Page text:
3. Microbiota and Inflammation

The status of inflammation has been well-recognized in MetS, as well as consequential complications established to be the consequence. Although there is argument that the metabolites related to insulin resistance and those associated with cardiovascular prognosis bore little resemblance [14], the effect exerted by altered intestinal microbiomes in response to exogenous stimuli still impacts the host [15]. Interestingly, the landscape of gut microbiota was transiently reshaped with diet and steroid-induced imprint of inflammation, hepatic steatosis, and insulin sensitivity in the porcine model. In this section, we revisit investigations regarding microbiota and inflammation (Table 3).

Pioneering evidence based on animal models featuring germ-free mice and obese (OB/OB) rodents have demonstrated specific microbial compositions in the setting of MetS, DM, atherosclerosis, non-alcoholic liver disease, hypertension, etc. Impaired intestinal barriers permit the translocation of bacteria and their components from the gastrointestinal lumen into the bloodstream [16][17]. Meanwhile, through the infiltration of gut microbiota, obesity leads to the downregulation of JNK and PPARG, causing insulin resistance. However, through the advancement in sample harvesting and viability assessment for bacterial components of interest, MetS was further validated to be highly associated with inflammation in vivo [18].

Metabolic disruption is also coordinated via small molecules generated by gut flora. Short-chain fatty acids (SCFA) are produced from hydrolysis and subsequent fermentation of consumed polysaccharides by intestinal microbiota. SCFA affects satiety through peptide YY and glucagon-like peptide 1 (GLP-1) In addition, SCFA is involved in fatty acid oxidation, lipogenesis, and energy utilization [19].

Finally, gut dysbiosis compromises host metabolism. Some human studies have attributed obesity to a combination of reduced bacterial populations of anti-inflammatory Bifidobacterium, butyrate-producing Akkermansia muciniphila, Actinobacteria, and Bacteriodes, in addition to the dominant presence ofEscherichia coli, Staphylococcus aureus, Enterobacteriaceae, as well as pathogenic Campylobacter and Shigella [20]. Metagenomic analysis argued that quantitative diversity and the functional alteration of gut microbiota synergistically determine metabolic phenotype [21]. In summary, endotoxemia, inflammatory predicament, small molecule signaling disruptions, and unbalanced composition of gut flora play primary roles in the pathogenesis of MetS.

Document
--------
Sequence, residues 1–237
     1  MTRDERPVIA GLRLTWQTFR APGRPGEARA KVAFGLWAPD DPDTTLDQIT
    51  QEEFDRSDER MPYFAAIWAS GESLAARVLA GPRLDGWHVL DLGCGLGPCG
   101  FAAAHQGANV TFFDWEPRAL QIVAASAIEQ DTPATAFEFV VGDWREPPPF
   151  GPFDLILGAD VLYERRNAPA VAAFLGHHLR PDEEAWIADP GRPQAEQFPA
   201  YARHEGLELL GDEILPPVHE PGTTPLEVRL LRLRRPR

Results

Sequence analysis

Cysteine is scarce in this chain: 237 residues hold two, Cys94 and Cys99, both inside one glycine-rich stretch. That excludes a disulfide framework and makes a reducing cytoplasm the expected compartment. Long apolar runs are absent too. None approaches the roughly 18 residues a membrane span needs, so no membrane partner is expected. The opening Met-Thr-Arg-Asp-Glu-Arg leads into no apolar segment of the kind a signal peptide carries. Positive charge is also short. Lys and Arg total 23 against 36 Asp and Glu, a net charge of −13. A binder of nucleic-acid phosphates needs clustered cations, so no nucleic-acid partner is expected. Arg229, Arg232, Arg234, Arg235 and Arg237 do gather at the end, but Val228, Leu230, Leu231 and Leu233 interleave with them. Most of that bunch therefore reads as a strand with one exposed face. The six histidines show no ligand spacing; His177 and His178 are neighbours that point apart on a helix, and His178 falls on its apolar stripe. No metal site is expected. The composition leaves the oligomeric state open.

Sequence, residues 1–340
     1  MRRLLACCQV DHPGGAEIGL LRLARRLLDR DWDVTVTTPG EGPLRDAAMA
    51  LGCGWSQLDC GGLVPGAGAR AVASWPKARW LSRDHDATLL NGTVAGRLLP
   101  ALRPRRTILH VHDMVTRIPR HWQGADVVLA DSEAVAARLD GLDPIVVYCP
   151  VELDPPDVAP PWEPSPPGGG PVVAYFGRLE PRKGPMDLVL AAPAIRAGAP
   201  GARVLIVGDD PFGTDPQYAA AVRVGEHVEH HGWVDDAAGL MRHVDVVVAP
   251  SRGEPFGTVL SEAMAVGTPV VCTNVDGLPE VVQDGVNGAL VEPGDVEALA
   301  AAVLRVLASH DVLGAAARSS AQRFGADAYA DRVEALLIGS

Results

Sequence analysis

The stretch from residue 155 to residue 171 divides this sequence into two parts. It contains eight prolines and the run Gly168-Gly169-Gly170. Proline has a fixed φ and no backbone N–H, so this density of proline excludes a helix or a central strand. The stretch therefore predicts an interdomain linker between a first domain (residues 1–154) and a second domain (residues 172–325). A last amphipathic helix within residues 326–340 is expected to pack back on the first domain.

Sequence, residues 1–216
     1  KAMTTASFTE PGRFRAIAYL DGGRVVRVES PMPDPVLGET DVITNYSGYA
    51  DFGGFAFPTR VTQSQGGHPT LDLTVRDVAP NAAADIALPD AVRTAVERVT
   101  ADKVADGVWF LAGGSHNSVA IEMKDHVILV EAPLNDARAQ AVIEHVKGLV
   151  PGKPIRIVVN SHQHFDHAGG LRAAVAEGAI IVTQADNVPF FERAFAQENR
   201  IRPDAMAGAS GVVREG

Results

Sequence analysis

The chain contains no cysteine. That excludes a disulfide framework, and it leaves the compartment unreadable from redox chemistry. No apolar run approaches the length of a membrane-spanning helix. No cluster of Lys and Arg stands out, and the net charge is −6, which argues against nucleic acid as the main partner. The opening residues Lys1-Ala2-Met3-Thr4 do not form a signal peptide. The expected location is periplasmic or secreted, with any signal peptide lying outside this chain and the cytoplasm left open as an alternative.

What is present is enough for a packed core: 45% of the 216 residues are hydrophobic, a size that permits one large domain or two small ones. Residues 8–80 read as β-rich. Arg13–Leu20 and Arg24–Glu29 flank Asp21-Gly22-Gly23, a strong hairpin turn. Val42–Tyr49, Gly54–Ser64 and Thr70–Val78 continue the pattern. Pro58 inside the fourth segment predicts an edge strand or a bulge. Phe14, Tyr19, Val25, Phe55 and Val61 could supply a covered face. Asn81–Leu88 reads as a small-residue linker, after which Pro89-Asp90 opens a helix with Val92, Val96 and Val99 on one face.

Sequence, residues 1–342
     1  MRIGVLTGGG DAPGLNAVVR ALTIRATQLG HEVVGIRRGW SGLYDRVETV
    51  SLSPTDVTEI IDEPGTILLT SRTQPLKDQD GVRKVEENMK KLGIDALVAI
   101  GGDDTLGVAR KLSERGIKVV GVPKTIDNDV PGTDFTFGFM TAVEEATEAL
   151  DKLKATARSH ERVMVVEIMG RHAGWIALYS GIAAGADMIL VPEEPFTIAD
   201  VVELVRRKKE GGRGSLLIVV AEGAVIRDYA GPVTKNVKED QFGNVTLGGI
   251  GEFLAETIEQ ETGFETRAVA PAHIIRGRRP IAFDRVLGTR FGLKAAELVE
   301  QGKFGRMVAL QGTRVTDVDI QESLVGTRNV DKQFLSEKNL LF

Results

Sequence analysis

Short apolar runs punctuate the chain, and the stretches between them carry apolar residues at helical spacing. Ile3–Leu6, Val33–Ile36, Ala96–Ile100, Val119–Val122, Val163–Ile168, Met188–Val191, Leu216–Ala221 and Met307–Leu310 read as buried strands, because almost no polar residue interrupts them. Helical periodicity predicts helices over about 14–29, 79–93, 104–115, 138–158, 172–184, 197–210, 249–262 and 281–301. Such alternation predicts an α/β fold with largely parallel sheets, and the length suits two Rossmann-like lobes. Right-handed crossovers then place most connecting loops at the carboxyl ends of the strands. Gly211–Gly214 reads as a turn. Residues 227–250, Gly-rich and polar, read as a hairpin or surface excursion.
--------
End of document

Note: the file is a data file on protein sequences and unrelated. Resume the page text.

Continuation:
4. Novel Treatments

Enhanced dissection of the molecular configurations has augmented the advancement of therapeutic schemes. In contrast to the conventional one-for-all management protocols, precision medicine designs individualized recipes by taking personal molecular features into account. Traditional non-pharmaceutical approaches against MetS included diet modification, aerobic exercise, and psychological management, whereas medication was administered primarily for the prevention or treatment of comorbidities. We proposed two novel treatment modalities, fecal microbiota transplantation (FMT) and targeting end products of cholesterol catabolism (Table 4).

Consumption of probiotics was illustrated to attenuate insulin resistance and DM in mice feeding on high fat diet [22]. In addition to direct supplementation of microspecies, FMT was introduced to potentially reorganize endogenous bacterial formation. Targeting the end products of cholesterol catabolism is another potential means to antagonize MetS. Accordingly, approaches to manipulate the physiology of bile acid may impede MetS.

Subsequently, Smits et al. randomly assigned 20 obese and insulin-resistant males with MetS to receive FMT either from single lean vegan donor or autologously [23]. Although allogenic FMT was demonstrated effective in enhancing small intestine permeability in patients with nonalcoholic fatty liver disease [24], no randomized trial has examined FMT efficacy on MetS to date, and relevant human studies are scarce. systematically reviewed the efficacy of FMT on MetS, demonstrating pronounced improvement in insulin sensitivity and reduced HbA1C levels [25]. On the other hand, other clinical parameters, e.g., BMI, fasting plasma glucose, and triglyceride, showed no significant differences.